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Publisher Description

Manabu Yukawa, the physicist known as "Detective Galileo," has traveled to Hariguara, a once-popular summer resort town that has fallen on hard times. He is there to speak at a conference on a planned underwater mining operation, which has sharply divided the town. One faction is against the proposed operation, concerned about the environmental impact on the area, known for its pristine waters. The other faction, seeing no future in the town as it is, believes its only hope lies in the development project.

The night after the tense panel discussion, one of the resort's guests is found dead on the seashore at the base of the local cliffs. The local police at first believe it was a simple accident—that he wandered over the edge while walking on unfamiliar territory in the middle of the night. But when they discover that the victim was a former policeman and that the cause of death was carbon monoxide poisoning, they begin to suspect he was murdered, and his body tossed off the cliff to misdirect the police.

As the police try to uncover where Tsukahara was killed and why, Yukawa finds himself enmeshed in yet another confounding case of murder. In a series of twists as complex and surprising as any in Higashino's brilliant, critically acclaimed work, Galileo uncovers the hidden relationship behind the tragic events that led to this murder.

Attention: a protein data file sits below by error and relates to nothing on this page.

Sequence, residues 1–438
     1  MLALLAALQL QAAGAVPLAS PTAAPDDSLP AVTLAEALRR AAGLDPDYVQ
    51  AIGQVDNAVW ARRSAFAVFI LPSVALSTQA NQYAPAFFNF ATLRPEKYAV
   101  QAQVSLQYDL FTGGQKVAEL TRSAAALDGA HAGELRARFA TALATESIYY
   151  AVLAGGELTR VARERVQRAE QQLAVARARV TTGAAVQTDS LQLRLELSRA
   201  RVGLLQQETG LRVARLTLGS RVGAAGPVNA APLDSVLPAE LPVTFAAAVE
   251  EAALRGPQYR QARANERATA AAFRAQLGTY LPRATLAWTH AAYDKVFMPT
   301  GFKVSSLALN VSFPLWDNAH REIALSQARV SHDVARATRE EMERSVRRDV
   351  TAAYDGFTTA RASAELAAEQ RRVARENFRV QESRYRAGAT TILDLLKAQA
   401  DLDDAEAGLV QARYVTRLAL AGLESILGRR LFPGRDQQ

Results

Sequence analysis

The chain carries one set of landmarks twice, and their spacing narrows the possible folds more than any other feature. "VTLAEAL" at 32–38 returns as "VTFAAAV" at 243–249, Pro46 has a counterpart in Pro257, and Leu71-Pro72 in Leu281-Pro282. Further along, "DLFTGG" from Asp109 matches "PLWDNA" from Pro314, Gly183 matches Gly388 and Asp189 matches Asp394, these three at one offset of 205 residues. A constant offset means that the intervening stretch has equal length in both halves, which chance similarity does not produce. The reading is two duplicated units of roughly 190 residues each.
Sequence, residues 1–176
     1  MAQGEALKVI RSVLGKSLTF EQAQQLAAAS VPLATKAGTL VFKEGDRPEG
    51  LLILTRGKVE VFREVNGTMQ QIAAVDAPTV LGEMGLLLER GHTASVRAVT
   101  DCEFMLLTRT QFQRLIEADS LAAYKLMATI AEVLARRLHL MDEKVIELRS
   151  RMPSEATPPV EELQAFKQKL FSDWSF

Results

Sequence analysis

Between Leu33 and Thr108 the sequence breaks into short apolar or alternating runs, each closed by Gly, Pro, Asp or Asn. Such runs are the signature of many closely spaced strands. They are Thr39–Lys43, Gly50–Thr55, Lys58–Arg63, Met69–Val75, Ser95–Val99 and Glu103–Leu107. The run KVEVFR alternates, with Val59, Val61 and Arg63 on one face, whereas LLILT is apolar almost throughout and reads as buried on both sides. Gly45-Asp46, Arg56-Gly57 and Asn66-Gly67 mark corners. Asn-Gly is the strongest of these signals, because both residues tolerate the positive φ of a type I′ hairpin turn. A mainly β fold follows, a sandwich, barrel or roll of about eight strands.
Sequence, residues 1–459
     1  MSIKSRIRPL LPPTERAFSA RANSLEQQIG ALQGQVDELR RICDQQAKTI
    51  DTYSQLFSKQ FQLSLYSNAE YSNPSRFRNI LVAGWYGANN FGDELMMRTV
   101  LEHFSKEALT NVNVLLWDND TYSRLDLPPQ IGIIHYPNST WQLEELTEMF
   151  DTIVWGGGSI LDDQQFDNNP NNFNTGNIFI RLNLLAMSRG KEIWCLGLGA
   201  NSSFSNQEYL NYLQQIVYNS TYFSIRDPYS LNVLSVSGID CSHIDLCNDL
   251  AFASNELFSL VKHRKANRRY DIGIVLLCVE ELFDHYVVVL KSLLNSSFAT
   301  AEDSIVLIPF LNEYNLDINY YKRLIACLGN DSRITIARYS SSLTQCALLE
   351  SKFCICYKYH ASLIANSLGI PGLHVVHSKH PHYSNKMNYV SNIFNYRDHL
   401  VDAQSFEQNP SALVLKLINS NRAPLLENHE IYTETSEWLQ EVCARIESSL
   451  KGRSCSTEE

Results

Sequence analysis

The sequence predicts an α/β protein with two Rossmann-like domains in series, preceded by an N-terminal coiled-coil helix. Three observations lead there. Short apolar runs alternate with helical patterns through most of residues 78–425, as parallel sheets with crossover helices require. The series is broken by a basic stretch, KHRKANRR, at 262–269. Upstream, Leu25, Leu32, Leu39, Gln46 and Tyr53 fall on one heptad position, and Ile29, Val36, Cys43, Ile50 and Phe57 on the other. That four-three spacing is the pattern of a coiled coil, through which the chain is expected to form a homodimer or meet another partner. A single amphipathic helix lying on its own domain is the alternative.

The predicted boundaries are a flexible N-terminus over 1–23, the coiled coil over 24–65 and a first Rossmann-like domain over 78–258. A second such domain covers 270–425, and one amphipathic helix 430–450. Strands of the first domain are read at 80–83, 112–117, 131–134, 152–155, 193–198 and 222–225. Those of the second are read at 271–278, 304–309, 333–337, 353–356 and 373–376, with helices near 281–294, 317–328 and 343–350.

Mysteries & Thrillers
February 23
St. Martin's Press

Customer Reviews

Ryuku San ,

Fantastic Book, Another Keigo Higashino’s Master Piece

First of, DON’T READ THE BLURB -the little description of the book- which ruined a big part of the experience for me, since it gives away too much, way too much. Other than that all I can truly say without spoiling it for you guys, is that Mr. Higashino is a genius when it comes to creating an intricate spider web of a plot. The writing keeps you going way past your bed time.

Now, I don’t know who’s writing the blurbs on his books, but you sir, are doing an splendid job at ruining thecomplete experience of reading this an other Higashino’s books.

One last thing, Publishers Weekly mentions that you might get confuse with the Japanese names in the story. Don’t worry, if you have more than a 50 points IQ, you won’t.

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